Transgender women are one of the fastest growing population of HIV-positive people in the U.S.: According to a 2009 NIH study, one third of trans women are HIV-positive–that number leaps to 56% for trans women of color.
This summer at the International AIDS Society Conference in Paris, researchers reported that concerns about taking antiretroviral medication while on hormone therapy have caused many trans women to stop their HIV treatment.
“Despite all indications that transgender women are a critical population in HIV care, very little is known about how to optimize co-administration of ART [antiretroviral therapy] and hormonal therapies in this population,” said Dr. Jordan Lake of UCLA’s David Geffen School of Medicine. “This void of information may mean some transgender women forgo life-sustaining HIV medications, identity-affirming hormone therapy, or some combination of the two.”
Both hormone therapy and ART have potential side effects—substantial ones—but little is known about their safety and effectiveness when combined. What few studies have been commissioned have been on post-menopausal cisgender women using HRT: According to a report by to Callen-Lorde Community Health Center’s Asa Radix, no published studies have examined interactions between ART and the types and doses of estrogen found in feminizing regimens. (Findings are also incomplete on the efficacy of PrEP on trans women taking hormones.)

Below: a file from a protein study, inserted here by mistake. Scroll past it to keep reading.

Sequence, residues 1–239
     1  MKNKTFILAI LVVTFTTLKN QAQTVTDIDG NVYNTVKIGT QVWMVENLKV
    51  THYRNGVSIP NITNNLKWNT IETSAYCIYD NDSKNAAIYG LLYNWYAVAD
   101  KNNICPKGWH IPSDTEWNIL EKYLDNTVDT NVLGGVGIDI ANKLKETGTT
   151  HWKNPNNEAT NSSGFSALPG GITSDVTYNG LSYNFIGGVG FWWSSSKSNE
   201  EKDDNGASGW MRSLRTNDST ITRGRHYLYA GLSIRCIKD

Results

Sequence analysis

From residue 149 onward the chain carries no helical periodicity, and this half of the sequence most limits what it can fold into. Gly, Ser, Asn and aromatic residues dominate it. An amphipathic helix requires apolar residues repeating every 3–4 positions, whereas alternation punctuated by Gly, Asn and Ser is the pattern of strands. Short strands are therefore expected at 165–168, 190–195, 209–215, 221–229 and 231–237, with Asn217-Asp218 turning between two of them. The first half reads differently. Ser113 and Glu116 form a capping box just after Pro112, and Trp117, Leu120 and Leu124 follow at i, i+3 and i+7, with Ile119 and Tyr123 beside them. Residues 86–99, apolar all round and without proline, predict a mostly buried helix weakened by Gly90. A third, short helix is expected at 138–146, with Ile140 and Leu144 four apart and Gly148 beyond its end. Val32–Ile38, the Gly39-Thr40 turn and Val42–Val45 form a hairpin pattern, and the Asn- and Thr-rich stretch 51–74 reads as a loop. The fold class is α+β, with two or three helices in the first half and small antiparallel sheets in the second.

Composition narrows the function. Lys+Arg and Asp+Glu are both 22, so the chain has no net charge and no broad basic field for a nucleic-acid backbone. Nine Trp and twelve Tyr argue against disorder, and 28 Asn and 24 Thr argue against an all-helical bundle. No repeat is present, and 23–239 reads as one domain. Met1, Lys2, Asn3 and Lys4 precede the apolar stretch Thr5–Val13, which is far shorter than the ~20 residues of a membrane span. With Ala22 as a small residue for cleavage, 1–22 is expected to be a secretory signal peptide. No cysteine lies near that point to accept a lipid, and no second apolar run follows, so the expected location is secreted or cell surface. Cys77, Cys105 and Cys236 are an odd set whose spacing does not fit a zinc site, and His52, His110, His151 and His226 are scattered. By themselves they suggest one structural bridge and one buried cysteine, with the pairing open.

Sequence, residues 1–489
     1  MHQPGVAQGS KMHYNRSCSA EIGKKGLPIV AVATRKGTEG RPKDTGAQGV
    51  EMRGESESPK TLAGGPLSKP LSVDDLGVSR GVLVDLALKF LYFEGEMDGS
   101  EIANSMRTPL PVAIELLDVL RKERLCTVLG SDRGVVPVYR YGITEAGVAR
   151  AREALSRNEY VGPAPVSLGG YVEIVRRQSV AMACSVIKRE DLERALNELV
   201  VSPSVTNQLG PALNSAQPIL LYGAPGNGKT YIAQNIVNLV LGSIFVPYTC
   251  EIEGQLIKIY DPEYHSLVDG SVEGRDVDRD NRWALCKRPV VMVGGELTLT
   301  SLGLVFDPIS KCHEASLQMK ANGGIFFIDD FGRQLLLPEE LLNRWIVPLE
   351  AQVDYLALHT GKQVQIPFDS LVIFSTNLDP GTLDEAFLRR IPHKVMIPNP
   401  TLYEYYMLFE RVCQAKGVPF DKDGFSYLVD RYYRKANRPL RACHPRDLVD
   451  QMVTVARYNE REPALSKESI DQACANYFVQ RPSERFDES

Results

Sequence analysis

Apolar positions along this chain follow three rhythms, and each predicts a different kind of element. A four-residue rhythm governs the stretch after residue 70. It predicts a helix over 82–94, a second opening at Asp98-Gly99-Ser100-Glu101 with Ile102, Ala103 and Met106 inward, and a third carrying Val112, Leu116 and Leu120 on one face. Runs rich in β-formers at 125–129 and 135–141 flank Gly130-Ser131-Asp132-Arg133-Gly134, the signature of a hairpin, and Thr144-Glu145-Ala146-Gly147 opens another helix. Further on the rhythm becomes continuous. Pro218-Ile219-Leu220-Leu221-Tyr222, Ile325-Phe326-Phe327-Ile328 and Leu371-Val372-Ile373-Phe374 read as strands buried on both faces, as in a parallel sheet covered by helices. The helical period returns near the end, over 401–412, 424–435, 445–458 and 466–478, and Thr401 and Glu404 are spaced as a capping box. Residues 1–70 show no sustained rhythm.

“Making sure we are meeting the needs of transgender women living with HIV is key to addressing this pandemic,” adds Dr. Judith Currier, vice-chair of the AIDS Clinical Trials Network. “We need to provide an evidence-based response to these understandable concerns so that this key population and their sexual partners may reap the full benefits of effective HIV care.”
Lake’s team surveyed 87 transgender women at an AIDS clinic in Los Angeles, where more than half were HIV positive and 69% were taking hormone therapy.
Many prioritized hormones over anti-retrovirals: “They feel that the HIV meds would mess with the hormones,” said one interviewee. “[And] they want the hormones to work okay.”
Of those in the NIH survey, 40% stopped taking HIV medications altogether and 49% discussed their fear of side effects with their doctor. (The remainder “navigated the problem outside the health care system.”)
The study also found that a quarter of trans women taking hormones were doing so without a doctor’s supervision. For HIV-positive patients, that number shot up to 34%.
“Not much HIV-prevention messaging is aimed toward or accessible to trans people,” Cyd Nova, harm-reduction coordinator at San Francisco’s St. James Infirmary, told HIV Plus. Nova added that most HIV-prevention programs are geared toward gay men.
With a White House only too eager to roll back LGBT advances and eliminate health-care relief, the problem isn’t going away any time soon.